The Tibetan Mastiff dog is a brave, fearless, patient, even-tempered dog, extremely devoted to its own family. If left outside at night, has a tendency to bark, but is peaceful inside.
It is a superb flock protector and will fight viciously off wolves, leopards, or any other animal that tries to approach its flock. Although it takes longer to mature than the usual breed, it is simple to housebreak.
To keep the Tibetan Mastiff from becoming overly stubborn, overly protective, and territorial, it needs a tough, confident, consistent leader.
The desire to please their owners is quite great in the Tibetan mastiff dogs. When among children, they are caring, but if not properly socialized, they can mistrust and be reserved about strangers.
This Mastiff naturally protects its family and their possessions. It needs to be carefully and equitably raised until adulthood.
A steady, trained dog often gets along nicely with other pets that aren’t dogs. If the owners are able to convey to them that fighting is an undesirable behavior, they may be able to get along with other dogs.
If Tibetan Mastiffs think they are smarter than their owners, they won’t listen. Owners must exude an inherent air of power in their behavior.
This dog is being trained with the goal of becoming the pack leader. A dog’s basic impulse is to establish order in its group. When humans and dogs coexist, we take on the role of the pack. Under a single leader, the entire pack works together. Rules and boundaries are established.
The humans, not the dogs, must be the ones making the decisions. Your relationship with your dog can only be a perfect success if you do that.
When owners are calm but adamant in asserting their dominance over the dog, and the dog is well-trained, socialized, and exercised, it can become a wonderful family pet.
This breed needs a knowledgeable owner, they are prone to ear infections, skin disorders, thyroid issues, and hip deformity.
There is a fatal hereditary condition known as Canine Inherited Demyelinative Neuropathy (CIDN).
Puppies with the illness will start to show symptoms between 7 and 10 weeks of age, and they will perish away by 4 months.
Every day walks are necessary for the Tibetan Mastiff. While on the walk, the dog must be trained to heel next to or behind the person holding the lead since, in a dog’s eyes, the human must always be the one in charge.
Avoid overdoing the physical aspect of the young dog’s life to prevent the bones, muscles, and joints from being overworked during the growth stage. However, in order to satiate their migratory urge, they will still need to walk every day.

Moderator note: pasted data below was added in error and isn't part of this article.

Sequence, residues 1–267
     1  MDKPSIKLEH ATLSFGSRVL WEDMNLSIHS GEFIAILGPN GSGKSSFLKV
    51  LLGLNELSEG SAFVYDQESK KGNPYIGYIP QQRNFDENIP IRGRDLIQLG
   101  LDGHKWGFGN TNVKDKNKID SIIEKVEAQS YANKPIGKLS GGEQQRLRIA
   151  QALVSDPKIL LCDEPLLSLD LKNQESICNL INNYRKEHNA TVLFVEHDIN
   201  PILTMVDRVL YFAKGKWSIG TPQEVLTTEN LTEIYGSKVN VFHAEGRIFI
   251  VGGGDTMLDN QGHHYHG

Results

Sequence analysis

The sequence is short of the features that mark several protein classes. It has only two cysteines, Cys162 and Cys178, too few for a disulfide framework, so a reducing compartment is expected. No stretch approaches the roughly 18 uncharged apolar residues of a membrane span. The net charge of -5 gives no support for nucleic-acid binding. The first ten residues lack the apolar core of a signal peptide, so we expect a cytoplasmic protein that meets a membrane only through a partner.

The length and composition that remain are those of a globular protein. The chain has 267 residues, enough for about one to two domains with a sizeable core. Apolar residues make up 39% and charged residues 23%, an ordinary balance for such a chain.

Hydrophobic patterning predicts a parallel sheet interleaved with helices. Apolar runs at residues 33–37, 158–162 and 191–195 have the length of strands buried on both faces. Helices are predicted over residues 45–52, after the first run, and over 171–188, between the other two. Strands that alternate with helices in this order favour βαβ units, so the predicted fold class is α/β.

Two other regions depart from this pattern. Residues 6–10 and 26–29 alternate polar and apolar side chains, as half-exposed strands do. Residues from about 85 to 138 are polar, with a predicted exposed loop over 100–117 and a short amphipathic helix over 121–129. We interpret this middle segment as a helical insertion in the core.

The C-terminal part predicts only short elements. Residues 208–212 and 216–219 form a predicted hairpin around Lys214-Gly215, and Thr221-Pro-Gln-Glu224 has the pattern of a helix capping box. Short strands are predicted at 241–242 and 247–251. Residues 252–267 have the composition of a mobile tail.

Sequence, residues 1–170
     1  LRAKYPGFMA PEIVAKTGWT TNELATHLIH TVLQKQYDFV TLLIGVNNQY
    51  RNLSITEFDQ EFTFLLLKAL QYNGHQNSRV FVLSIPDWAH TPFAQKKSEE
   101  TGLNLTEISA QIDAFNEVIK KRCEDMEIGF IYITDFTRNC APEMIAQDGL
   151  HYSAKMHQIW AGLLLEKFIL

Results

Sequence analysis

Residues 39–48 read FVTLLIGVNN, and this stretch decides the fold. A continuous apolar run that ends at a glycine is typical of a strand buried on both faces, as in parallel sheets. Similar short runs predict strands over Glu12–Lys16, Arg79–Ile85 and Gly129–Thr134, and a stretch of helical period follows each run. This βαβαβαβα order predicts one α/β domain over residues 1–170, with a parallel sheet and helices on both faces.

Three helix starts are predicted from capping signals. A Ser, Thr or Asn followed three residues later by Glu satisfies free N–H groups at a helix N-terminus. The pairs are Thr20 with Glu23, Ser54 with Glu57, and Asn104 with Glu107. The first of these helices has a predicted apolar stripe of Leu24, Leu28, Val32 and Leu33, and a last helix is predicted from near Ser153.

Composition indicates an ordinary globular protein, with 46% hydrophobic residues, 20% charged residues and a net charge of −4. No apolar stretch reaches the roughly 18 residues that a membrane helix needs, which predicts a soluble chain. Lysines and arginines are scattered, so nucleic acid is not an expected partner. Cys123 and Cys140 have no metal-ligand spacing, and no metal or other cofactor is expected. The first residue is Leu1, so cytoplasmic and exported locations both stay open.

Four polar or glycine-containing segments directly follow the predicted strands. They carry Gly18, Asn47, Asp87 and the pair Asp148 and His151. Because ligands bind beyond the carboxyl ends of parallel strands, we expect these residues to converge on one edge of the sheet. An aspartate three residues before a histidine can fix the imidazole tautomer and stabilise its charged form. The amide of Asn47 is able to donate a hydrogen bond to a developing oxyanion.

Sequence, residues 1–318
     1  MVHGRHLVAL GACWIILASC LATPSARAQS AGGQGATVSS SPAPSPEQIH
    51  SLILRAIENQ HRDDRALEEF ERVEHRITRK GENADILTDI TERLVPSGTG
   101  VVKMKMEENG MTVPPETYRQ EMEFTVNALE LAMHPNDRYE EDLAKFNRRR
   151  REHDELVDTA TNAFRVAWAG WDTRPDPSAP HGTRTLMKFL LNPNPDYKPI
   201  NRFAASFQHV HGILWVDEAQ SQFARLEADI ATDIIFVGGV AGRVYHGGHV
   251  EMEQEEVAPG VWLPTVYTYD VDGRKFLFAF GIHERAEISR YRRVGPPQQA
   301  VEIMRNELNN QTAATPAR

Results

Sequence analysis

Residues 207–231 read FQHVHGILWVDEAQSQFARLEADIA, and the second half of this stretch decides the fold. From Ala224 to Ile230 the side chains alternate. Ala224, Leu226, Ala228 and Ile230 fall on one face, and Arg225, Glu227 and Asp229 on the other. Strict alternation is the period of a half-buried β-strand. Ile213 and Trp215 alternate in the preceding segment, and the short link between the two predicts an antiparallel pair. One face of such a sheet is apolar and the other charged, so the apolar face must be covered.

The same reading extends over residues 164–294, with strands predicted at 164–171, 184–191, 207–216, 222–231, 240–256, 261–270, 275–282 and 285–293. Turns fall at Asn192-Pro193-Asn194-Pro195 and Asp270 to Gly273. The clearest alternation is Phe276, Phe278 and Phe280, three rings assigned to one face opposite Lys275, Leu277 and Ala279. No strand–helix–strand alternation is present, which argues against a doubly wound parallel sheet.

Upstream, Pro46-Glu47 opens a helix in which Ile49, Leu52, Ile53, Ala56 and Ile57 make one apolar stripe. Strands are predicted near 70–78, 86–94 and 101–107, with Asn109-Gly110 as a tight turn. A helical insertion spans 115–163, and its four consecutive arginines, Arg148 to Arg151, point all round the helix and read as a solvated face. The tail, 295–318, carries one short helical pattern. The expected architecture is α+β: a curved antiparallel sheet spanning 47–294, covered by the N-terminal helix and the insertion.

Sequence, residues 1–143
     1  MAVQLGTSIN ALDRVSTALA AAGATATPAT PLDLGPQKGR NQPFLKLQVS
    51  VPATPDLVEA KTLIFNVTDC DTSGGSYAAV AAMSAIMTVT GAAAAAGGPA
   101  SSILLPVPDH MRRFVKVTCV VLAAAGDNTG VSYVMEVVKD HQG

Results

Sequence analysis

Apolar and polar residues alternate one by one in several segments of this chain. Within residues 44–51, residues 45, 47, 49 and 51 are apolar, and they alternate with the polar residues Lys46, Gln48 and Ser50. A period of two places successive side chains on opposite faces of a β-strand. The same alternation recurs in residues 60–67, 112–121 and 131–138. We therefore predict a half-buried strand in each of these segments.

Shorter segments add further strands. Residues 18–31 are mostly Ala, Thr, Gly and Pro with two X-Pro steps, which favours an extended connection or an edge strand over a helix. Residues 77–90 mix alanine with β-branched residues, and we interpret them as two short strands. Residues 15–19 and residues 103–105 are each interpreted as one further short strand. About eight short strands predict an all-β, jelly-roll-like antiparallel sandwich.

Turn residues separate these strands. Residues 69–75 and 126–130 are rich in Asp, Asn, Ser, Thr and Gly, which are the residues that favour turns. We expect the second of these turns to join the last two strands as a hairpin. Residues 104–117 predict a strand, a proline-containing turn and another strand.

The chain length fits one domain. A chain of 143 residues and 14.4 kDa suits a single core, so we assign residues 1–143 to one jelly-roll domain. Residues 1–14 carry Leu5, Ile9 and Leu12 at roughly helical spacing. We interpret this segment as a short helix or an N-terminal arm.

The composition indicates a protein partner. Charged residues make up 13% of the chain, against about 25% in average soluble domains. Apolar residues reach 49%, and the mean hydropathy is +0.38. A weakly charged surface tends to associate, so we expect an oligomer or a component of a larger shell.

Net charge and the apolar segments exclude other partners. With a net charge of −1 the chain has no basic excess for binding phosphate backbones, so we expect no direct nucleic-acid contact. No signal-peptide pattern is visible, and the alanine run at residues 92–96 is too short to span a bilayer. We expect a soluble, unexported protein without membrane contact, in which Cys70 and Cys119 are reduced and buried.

Despite the fact that both the Do-khyi and the Tsang-khyi are frequently born in the same litter, some breeders have divided the Tibetan Mastiff into two varieties.
Tsang-khyi, which translates to “dog from Tsang,” is referred to as a “monastery” style. It has more facial wrinkles and is taller and heavier boned. The Do-khyi or “nomad” kind has less wrinkling and is slimmer.
The head is large, massive, and strong, albeit a little wrinkly. When viewed from all angles, the broad muzzle is square. The teeth come together in a level or scissors bite. Typically, the lower lip is hidden by the upper lip.
The V-shaped pendant ears hang close to the head in front. The dewlap is moderate, and the neck is muscularly arched. Males have a dewlap that is more noticeable than females have.
There is a level topline. Curled over the back is the feathery tail. The feathering on the front legs is straight.
There may be feathering between the toes and cat-like feet. Sometimes dewclaws are removed. With a massive mane wrapping over the neck and shorter hair on the head, the double coat is huge and dense.
Black, brown, and blue-gray are the available coat colors, all with or without tan markings and varied gold tones. White markings are another possibility.
How To Groom Your Tibetan Mastiff Dogs
Using a slicker brush many times a week will assist to remove dead hair and stop new tangles from forming on your Tibetan Mastiff.
After brushing them with the slicker brush, find and remove any mats or tangles with a wide-tooth comb.
You might need to apply some detangling spray or a little conditioner if you run into some knots that won’t come out with a comb.
2. Brush Their Teeth Regularly
Brushing your Tibetan Mastiff’s teeth on a regular basis will help to prevent plaque and tartar buildup and freshen its breath.
Brush the dog’s teeth twice a week with a regular toothbrush, but make sure to use dog toothpaste because human toothpaste can make dogs sick if they ingest it.
3. Ear Care
If the ears on your Mastiff aren’t regularly cleaned, they’ll gather dirt and other debris, become infected, and possibly even lose their ability to hear.
Use canine ear cleaning solution once a month to clean the dog’s ears. Always use cotton balls to blot up any extra solution, and make sure you adhere to the manufacturer’s instructions.
4. Nail Clipping
A trained groomer is needed for this extremely delicate process. However, you must clip your dog’s nails and not merely take it to a groomer as a duty as a dog owner. To avoid hurting them, use caution when trimming their nails.
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